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The following are exerts taken from Encyclopedia of Indian Architecture

(Jami Masjid of sikhri)

As is not a few of the large mosques of India the fine open sweep of the flagged quadrangle leading
up to the main interior faade produces at once an effect of great dignity and spaciousness. In this
instance the faade consists of a large rectangular front on in the centre consisting a spacious alcove,
with a pillared arcade extending on each wing, with ranges of pillared kiosks, along all the parapets
to break the skyline.
The nave which is entered through an arched portico , is a square hall containing on its western side
the principle mihrab, and is covered by the main dome. Leading out of this central hall though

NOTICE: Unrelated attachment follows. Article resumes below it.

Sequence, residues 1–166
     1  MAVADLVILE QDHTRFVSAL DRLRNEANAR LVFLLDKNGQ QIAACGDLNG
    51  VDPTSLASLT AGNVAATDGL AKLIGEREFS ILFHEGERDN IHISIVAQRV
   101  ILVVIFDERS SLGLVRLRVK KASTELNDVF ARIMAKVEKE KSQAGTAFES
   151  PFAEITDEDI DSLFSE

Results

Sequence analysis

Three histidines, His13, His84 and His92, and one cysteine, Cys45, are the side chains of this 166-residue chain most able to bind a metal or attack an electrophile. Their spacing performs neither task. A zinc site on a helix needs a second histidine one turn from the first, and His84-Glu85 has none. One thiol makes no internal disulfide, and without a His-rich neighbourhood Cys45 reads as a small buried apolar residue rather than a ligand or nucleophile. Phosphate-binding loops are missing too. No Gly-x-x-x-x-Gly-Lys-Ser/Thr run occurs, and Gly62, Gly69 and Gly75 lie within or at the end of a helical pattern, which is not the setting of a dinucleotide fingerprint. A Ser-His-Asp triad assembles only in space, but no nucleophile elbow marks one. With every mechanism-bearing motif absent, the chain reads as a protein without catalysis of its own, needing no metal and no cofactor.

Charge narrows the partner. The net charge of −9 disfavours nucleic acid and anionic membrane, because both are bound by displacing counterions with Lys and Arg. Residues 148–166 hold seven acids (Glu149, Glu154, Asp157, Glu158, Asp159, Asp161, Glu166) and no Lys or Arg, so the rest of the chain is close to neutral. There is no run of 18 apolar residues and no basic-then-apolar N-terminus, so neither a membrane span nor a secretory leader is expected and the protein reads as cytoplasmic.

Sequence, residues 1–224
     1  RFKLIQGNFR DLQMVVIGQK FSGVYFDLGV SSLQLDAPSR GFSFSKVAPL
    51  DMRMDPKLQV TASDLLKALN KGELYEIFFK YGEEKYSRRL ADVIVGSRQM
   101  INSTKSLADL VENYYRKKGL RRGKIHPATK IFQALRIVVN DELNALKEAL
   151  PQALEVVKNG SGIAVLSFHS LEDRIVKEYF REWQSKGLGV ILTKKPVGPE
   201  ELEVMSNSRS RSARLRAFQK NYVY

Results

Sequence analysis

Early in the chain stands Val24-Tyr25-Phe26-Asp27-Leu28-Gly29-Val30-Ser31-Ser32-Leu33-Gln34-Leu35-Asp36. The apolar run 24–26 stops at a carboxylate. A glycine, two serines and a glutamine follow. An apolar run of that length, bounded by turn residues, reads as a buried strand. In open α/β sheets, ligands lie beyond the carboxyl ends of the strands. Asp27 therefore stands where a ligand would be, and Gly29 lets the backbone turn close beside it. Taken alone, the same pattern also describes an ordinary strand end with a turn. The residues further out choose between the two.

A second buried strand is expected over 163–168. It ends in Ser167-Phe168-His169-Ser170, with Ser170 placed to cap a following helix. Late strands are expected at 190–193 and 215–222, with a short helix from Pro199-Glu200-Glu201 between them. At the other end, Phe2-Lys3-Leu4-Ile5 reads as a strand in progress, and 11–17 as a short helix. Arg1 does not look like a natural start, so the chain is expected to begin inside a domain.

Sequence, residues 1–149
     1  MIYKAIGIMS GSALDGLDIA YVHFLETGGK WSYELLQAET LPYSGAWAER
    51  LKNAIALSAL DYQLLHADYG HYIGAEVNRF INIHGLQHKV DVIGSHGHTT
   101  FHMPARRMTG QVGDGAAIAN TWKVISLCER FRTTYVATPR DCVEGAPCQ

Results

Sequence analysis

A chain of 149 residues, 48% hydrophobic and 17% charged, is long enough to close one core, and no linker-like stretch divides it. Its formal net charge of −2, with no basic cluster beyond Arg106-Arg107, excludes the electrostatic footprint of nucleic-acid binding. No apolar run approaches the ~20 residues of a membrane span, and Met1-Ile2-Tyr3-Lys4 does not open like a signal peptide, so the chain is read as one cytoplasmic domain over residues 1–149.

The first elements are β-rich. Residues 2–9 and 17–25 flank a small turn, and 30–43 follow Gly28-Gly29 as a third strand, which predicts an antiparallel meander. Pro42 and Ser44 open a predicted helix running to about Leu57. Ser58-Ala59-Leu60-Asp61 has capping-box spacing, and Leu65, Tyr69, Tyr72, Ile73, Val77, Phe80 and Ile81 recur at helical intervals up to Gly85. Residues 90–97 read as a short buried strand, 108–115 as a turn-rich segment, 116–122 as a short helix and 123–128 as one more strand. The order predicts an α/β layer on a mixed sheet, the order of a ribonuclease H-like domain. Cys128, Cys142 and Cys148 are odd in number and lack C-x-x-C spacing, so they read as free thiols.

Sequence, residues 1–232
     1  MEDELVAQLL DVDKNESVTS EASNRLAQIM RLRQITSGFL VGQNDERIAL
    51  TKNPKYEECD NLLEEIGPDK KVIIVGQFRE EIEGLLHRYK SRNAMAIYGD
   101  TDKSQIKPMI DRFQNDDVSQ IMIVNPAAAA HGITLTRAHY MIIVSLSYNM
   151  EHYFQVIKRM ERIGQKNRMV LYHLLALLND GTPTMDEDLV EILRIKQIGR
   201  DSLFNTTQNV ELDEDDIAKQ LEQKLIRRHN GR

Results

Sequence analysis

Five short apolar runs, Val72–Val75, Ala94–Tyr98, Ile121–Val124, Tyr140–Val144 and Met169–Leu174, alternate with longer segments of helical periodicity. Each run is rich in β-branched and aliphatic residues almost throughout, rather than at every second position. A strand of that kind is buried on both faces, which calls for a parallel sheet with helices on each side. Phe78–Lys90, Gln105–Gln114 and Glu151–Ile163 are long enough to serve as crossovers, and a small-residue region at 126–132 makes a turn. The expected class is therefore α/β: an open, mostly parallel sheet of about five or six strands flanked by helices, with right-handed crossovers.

archways are the aisles, each with a chapel towards the middle of its length, with the side domes
forming their roofs.
The pillars in the wings are exceptionally well grouped and appointed so that from any angle an
elegant vista is observable. Added to this is the admirable combination of beams and arches,
disposed in such a manner that the balance of the two constructional systems is well maintained
throughout, the arches providing attractive passage of perspective and the lintels with their pendant
brackets enriching the intervals between.
Reference should also be made to the mural decoration, which is distributed over most surfaces of
the interior especially in the nave and in its adjacent compartments. All the technical resources that
the craftsmen concerned had at their command were used for this embellishment so that the carved
, painted, and inlaid ornamentation is unsurpassed in any other building of Akbars reign.